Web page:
fellow apostles. He learned pity and benevolence of the Father of mercies; and, to show how christian friendship is to be cultivated, he not only wrote letters to churches in general, even to those he never saw in the flesh, but private letters to particular saints, friends to whom he was attached, and wealthy, rich friends, whom God had, by his Spirit, raised up to be helpers of the distressed. Happy would it be for us, if we could all learn that simplicity of heart which is displayed in these particular words : happy if we could learn this one rule, never to write a letter without something of Jesus Christ in it; for, as Mr. Henry observes, if we are to answer for idle words, much more for idle letters ; and if God has given us our pens, especially if he has given us the pen of a ready writer, it will be happy if we can improve our literary correspondence for his glory and one another's good. But what an unfashionable style, if compared to our modern ones, is that of the apostle to Gaius. The superscription, from the elder to the well beloved Gaius whom I love in the truth ; there is fine language for you! Many who call themselves Christ's disciples, would be ashamed to write so now. I send this,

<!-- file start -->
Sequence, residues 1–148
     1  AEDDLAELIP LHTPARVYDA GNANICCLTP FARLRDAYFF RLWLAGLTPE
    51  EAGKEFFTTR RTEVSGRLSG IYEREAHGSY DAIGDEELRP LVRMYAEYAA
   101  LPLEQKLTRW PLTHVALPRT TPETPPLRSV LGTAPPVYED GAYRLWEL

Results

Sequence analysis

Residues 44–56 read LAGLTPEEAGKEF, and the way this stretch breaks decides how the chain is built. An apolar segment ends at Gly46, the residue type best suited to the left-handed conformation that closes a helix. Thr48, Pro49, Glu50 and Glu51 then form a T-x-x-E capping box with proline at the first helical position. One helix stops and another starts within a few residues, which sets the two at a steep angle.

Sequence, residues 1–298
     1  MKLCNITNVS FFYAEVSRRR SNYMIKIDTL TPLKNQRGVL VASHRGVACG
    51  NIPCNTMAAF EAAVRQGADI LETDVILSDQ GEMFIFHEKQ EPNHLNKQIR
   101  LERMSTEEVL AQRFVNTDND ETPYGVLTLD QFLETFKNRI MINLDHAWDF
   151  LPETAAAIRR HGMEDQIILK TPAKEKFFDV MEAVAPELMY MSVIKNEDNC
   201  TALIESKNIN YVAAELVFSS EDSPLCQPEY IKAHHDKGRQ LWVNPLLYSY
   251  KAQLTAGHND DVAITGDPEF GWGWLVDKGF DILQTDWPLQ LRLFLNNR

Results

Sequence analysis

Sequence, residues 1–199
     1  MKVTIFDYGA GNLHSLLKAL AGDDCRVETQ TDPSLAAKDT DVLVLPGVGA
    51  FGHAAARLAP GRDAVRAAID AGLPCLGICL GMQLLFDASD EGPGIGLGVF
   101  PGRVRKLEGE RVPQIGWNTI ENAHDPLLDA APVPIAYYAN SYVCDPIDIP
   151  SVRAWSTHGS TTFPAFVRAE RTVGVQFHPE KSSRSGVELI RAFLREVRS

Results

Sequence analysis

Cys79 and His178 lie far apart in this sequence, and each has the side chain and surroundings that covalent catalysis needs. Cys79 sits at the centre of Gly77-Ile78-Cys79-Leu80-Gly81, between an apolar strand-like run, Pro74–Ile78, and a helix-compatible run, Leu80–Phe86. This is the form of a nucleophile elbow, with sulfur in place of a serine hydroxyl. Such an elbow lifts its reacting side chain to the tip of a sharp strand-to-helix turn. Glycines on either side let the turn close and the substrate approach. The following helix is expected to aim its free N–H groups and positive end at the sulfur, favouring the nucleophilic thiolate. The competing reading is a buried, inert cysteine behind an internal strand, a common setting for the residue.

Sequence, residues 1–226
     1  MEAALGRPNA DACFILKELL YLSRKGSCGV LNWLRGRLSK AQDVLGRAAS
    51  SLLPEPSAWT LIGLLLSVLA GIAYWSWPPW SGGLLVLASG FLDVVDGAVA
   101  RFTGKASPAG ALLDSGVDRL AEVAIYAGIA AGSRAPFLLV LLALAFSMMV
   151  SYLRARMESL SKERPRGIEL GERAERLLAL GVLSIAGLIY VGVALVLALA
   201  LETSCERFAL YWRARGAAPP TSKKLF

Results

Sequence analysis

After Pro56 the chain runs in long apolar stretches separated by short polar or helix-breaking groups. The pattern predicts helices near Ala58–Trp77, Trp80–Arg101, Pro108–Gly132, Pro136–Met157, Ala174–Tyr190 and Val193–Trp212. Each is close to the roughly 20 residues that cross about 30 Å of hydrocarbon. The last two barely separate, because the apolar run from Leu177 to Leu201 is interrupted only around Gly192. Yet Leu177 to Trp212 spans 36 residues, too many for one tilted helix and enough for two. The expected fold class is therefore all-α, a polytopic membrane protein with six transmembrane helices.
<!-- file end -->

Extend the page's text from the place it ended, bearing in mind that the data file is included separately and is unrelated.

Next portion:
I and that, and the other; I send my compliments. Observe what he styles himself, not as the pope; but he styles himself the elder. A judicious expositor is of opinion, that all the other apostles were dead, and only poor John left behind. I remember a remark of his, “ the taller we grow, the lower we shall stoop.” The apostle puts himself upon a level with the common elders of a church, that he might not seem to take upon himself authority, not to rule as a lion, but with a rod of love; the elder to the well beloved Gaius, whom I love in the truth. This Gaius seems to be in our modern language, what we call a gentleman, particularly remarkable for his hospitality. Gaius mine host ; and this Gaius was well beloved; not only beloved, but well beloved ; that is, one whom I greatly esteem and am fond of; but then he shows likewise upon what this fondness is founded; whom I love in the truth. There are a great many people in writing say, dear sir, or good sir, and subscribe your humble servant, sir; and not one word of truth either in the beginning or end; but John and Gaius's love was in truth, not only in words, but in deed and in truth; as if he had said, my heart goes along with my hand while I am writing, and it gives me pleasure in such a correspondence as this, or whom I love for the truth's sake, that is, whom I love for being particularly attached to the truth ; and then our friendship has a proper foundation, when the love of God and the Spirit of the Lord Jesus, is the basis and bond of it. One would think this was enough now;